Staining wood can fundamentally change its color and character, and personalize any object or surface to meet most tastes. A common method of applying stain is to simply wipe it on, let it sit for a few minutes, and then wipe off the excess. In most instances, this method will provide the desired result and is quick and relatively simple. In some cases, however, like when dealing with less porous woods like maple or ash, it is necessary to raise the grain so that the wood accepts more of the stain during the application. Fortunately, this is an easy process.
Using 120 grit or finer sandpaper, sand the surface to be stained. Be certain to follow the direction of the wood grain during the sanding process, because the stain will highlight any cross-grain marks.
Vacuum the wood thoroughly to pull dust from any cracks and provide a clean work environment. This will keep dirt and other impurities from getting into the stain or finish as you work.
Wet a clean rag with water, and wipe the wood down with it. While you shouldn't flood the surface, don't be afraid to get it wet either. The water will penetrate the wood, and cause the grain to raise up and open. Let the wood fully dry before proceeding.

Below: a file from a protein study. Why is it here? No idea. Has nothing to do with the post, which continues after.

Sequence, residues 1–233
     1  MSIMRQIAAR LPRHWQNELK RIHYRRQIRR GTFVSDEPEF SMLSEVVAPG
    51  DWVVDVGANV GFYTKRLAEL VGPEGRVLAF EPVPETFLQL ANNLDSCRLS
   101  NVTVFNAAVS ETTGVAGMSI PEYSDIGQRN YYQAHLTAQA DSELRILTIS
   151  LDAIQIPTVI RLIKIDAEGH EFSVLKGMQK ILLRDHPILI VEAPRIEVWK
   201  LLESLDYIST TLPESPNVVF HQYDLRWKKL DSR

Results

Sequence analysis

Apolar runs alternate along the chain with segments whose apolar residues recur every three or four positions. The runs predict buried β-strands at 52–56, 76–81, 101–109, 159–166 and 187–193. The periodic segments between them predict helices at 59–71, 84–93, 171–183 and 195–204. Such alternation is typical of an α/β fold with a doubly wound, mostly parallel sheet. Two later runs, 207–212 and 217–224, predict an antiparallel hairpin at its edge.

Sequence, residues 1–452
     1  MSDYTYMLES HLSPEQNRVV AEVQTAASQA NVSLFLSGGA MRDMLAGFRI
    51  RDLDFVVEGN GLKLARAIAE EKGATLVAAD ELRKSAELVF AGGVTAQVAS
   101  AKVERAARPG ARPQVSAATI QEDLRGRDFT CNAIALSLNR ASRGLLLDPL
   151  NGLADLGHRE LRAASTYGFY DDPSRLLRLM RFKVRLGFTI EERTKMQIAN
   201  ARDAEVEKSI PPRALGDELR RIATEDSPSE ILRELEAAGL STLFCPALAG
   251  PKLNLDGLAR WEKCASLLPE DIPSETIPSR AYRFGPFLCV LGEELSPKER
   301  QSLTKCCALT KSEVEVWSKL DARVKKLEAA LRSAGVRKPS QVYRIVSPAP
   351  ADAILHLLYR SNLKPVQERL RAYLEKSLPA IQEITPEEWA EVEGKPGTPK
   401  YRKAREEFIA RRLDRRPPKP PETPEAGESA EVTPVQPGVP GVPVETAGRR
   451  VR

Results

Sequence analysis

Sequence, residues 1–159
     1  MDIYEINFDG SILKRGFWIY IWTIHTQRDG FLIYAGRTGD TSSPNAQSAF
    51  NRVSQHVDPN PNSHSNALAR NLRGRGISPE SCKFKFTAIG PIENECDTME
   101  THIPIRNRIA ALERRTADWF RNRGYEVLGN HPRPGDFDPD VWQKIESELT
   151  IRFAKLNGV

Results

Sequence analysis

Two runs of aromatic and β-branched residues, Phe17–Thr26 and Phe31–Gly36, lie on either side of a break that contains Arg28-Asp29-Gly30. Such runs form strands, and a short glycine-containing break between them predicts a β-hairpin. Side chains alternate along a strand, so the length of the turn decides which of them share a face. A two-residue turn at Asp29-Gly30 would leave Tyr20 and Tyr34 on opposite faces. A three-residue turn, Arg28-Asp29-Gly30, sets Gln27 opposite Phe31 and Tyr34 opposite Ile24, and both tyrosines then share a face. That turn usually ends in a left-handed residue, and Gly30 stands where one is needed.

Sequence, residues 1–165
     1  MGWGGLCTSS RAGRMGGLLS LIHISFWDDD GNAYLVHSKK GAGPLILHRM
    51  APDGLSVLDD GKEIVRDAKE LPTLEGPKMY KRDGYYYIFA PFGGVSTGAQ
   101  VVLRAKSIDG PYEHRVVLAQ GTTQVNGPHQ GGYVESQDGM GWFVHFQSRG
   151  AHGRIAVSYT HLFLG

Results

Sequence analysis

Staining the Surface
Use a clean cloth or an applicator to apply stain to the surface. Use a generous amount of stain to make sure it covers the entire surface. The now-open grain should easily accept the stain. Let it sit for a couple of minutes to fully penetrate.
Wipe off any excess stain. If working a large area, make sure to go back into the adjacent sections to blend them all together. This will prevent one area from being darker or lighter than others.
Let the stain dry overnight, and then coat the wood with three layers of finish. Use a brush or other applicator depending on the size of the surface. If the first coat of finish pulls the stain for any reason, give it more drying time before proceeding.